I.     Mr. Hector Geronimo Lopez Aurelli has been imprisoned since November 1975 and is now at the INSTITUTO DE DETENCION DE LA CAPITAL FEDERAL [Federal Capital Detention Institute] (U.2).


          Mr. Lopez Aurelli has been convicted under a final decision from the courts.  In the lower courts, on November 25, 1979, he was sentenced by Federal Court No. 1 of Cordoba to life imprisonment for the following offenses:  possession of military weapons and munitions, possession of emblems of subversive organizations, possession of materials intended for the manufacture of explosives, all concurrently, aggravated kidnapping, primary participation in the crimes of aggravated homicide and serious bodily injury, and commission of the crime of aggravated conspiracy, all separately (Article 2 (C) and Article 3 (A) of Law 20840 and Articles 189 bis (3) and (5), 142 bis, 80 (4), 90, 281, 213 bis, 55, 54, and 46 of the Criminal Code, and was sentenced to a term of life in prison on October 16, 1980.  On appeal, the Federal Court of Appeals of Cordoba, Division A, confirmed the decision.  Subsequently, the defendant filed a special appeal with the Supreme Court of Justice, but the Federal Court of Appeals of Cordoba ruled it inadmissible, at which point Mr. Lopez Aurelli filed with the Supreme Court a special application based on denial of justice, which application was again held inadmissible by that Court on September 10, 1981.  This made the judgment by the Federal Court of Appeals of Cordoba final.


          It may be noted that under law 23070 enacted by the constitutional government, which establishes a special system to compute sentences served between 3/24/76 and 12/10/83 and shortens sentences, Mr. Lopez Aurelli will be held to have served 20 years in prison on February 14, 1988, at which time he will become eligible for parole (Article 13 of the Criminal Code).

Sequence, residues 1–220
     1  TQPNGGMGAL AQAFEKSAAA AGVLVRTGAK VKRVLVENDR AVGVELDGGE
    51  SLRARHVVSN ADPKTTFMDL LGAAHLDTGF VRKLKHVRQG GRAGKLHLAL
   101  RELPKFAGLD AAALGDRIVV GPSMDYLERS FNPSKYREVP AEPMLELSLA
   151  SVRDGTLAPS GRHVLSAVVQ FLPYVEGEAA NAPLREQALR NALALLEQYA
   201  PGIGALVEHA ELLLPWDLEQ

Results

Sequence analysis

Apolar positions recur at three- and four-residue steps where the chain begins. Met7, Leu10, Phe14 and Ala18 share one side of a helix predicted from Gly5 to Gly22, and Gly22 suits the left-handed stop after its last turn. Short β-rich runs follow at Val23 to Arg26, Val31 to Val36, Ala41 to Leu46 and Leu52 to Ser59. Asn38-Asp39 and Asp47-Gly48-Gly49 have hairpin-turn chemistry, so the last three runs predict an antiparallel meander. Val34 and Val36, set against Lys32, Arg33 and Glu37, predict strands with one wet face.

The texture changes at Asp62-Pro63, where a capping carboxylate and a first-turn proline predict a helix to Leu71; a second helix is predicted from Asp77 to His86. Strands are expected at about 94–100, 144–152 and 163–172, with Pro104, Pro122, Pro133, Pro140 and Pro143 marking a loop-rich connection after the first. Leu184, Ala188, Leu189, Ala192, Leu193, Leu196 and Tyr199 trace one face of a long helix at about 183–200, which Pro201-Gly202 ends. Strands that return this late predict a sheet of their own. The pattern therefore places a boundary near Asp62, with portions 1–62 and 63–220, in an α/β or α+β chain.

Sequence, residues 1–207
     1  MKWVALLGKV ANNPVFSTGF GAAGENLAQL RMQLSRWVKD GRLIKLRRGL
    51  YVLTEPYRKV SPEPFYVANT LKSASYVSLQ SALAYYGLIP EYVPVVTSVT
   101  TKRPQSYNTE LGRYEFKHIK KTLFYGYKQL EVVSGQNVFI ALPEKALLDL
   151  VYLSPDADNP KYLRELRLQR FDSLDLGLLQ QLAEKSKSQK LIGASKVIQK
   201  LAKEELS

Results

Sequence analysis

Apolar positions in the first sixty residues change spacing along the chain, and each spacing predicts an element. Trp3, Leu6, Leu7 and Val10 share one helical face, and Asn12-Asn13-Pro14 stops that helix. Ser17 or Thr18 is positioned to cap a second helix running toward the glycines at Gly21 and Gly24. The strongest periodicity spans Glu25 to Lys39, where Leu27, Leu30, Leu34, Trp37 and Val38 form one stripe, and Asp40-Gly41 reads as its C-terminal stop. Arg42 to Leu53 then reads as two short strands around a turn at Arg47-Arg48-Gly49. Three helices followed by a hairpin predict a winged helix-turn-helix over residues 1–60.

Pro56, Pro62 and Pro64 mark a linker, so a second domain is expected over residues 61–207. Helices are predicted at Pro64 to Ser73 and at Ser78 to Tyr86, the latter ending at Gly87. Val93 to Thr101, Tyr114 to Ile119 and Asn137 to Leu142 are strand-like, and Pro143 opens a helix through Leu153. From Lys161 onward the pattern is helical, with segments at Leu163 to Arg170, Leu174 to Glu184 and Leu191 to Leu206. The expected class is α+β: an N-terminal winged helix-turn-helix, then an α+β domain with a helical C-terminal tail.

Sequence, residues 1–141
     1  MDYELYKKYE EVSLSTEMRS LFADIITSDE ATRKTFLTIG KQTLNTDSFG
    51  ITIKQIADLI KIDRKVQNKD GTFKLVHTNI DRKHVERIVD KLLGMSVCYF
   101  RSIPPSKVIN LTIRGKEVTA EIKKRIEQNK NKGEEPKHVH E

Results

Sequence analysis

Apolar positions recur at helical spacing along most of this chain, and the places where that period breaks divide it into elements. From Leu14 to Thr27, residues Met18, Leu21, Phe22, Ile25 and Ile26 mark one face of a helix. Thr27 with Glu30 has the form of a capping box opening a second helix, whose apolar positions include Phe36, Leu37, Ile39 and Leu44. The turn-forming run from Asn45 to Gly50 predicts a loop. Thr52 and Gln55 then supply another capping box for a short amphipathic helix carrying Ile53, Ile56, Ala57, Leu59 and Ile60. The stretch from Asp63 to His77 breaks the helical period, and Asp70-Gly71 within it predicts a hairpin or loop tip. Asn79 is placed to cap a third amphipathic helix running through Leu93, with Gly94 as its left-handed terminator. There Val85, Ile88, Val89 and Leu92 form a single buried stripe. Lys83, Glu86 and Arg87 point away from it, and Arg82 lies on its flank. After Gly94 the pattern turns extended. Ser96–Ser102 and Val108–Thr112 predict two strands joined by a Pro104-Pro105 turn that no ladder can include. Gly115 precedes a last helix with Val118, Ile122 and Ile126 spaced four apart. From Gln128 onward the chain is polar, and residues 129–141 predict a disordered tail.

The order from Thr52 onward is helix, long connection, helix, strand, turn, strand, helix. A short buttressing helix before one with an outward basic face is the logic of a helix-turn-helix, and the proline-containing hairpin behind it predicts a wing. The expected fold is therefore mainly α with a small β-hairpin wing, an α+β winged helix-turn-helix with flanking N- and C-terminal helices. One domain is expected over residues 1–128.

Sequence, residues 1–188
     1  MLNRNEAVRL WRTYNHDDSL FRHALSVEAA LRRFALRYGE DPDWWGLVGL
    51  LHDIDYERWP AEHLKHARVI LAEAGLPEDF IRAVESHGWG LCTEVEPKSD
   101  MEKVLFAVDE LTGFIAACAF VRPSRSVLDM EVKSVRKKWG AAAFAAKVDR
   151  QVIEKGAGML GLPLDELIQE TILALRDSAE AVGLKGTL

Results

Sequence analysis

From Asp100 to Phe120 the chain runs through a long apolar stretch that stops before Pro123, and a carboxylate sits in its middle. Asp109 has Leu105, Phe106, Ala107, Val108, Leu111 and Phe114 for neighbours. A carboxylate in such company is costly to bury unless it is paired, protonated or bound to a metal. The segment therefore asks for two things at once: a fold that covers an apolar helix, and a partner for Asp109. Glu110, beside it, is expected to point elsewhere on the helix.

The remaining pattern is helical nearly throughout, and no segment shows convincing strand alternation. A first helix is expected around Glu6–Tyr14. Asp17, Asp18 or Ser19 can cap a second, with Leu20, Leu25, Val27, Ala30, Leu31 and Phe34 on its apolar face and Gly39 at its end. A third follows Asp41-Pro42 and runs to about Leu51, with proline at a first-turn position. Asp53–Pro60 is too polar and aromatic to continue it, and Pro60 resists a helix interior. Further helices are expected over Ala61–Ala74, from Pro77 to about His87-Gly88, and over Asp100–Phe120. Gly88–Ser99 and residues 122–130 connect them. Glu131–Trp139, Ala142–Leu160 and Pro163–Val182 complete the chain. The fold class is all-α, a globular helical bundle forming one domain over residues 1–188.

II.     When constitutional government was restored, Mr. Hector G. Lopez Aurelli filed the following appeals:


     a.     Petition for parole and the reopening of his case, which was denied by the lower court --Federal Court No. 1 of Cordoba -- and then by the upper court, Division A of the Federal Court of Appeals of Cordoba, on November 30, 1984.


     b.     Application for review based on Article 551 of the Code of Criminal Procedure, which was rejected by the Federal Court of Appeals of Cordoba on November 12, 1984.


     c.     Subsequently, Mr. Lopez Aurelli lodged two special appeals with the Federal Court of Appeals of Cordoba, but the latter rejected them both, whereupon Lopez Aurelli went directly to the Supreme Court of Justice and filed two complaints, one concerning the application for review (L.202) and one concerning the petitions for parole and the reopening of the case (P.246).


          III.     Although it is true that the conviction has become final, Argentine Law provides for an exceptional remedy --the review of res iudicata decisions --for situations in which, after judgment has been rendered, there is a discovery, for instance, of "documents that are decisive or were unknown, misplaced or made unavailable by force majeure or by the accusing party" (Article 551 of the Code of Criminal Procedure).  Thus, the appeals that have been lodged may have decisive consequences on the legal status of the defendant, if a decision should be made to review the judgment.


          When asked about the matter, the Supreme Court of Justice indicated that it had the case under review and would soon issue a decision.